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The authors offer unique insight to the regulatory, operational and institutional advances of OLAF (the European Commission's Anti-Fraud Office). Since OLAF was set up in 1999, changes in the three levels of OLAF's functional environment have taken place:-
The approach chosen by the authors is multi-disciplinary. OLAF is examined through the prism of law and EU politics, thus focusing not only on the identification of current problems in regulation and procedure, but also on the feasibility of the institution in the future of European integration.
The book's approach is dialectic in that after the exposure of regulatory and institutional defaults, operational solutions are then discussed. Although there is little doubt that OLAF suffers from regulatory discrepancies and lacunae and from institutional inefficiencies, there is value in the argument that its staff has managed to devise operational and functional mechanisms that address some of these problems and allow the institution to proceed legitimately with its crucial role in combating fraud within the EU.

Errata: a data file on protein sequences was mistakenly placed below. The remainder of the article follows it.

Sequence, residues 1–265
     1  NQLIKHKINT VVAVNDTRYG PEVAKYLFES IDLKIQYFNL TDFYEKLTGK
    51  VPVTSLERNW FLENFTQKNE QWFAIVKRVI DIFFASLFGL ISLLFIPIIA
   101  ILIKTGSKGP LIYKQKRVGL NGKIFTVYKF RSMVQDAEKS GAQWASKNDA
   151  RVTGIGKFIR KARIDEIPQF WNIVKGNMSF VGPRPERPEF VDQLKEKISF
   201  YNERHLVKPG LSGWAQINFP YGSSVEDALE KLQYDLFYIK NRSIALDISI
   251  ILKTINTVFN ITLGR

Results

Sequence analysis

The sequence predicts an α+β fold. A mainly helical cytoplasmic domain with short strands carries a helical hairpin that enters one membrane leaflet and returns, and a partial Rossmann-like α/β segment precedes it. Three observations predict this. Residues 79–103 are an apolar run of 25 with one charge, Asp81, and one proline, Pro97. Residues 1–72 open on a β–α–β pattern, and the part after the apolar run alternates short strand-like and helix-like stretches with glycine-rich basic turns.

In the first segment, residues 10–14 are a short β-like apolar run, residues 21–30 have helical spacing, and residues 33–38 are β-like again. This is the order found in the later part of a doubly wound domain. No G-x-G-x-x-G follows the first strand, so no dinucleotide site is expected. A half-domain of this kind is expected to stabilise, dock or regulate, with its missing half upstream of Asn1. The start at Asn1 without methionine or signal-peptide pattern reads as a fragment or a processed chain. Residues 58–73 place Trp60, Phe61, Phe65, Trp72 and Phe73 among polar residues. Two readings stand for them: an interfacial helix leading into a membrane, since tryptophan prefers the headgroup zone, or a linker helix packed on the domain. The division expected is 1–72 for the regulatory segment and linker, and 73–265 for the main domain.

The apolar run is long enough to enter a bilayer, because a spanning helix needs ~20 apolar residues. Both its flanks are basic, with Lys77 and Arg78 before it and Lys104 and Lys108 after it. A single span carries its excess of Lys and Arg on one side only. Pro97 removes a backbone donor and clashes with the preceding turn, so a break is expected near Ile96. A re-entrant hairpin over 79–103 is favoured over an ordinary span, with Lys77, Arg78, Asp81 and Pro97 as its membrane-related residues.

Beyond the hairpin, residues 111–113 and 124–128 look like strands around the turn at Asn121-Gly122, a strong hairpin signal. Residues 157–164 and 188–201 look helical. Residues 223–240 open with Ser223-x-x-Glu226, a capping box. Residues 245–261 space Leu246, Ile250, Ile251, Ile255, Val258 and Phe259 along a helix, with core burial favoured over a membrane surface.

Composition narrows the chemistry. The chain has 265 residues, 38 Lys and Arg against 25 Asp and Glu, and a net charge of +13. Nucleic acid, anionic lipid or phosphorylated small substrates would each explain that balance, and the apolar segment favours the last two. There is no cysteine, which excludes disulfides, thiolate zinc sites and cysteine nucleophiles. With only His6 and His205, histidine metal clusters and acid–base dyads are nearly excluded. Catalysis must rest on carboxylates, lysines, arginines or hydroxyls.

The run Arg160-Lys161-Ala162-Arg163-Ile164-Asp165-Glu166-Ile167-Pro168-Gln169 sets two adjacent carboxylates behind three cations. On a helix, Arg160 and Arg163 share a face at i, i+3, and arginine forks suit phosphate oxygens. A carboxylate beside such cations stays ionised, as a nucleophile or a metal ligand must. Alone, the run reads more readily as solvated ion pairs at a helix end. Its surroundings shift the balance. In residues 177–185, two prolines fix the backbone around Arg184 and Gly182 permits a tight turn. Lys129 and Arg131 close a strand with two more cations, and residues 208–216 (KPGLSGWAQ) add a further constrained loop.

Notwithstanding the efficiency and ingenuity of its staff, the need for express rules covering procedural and operational issues - amongst others - must be safeguarded in regulation.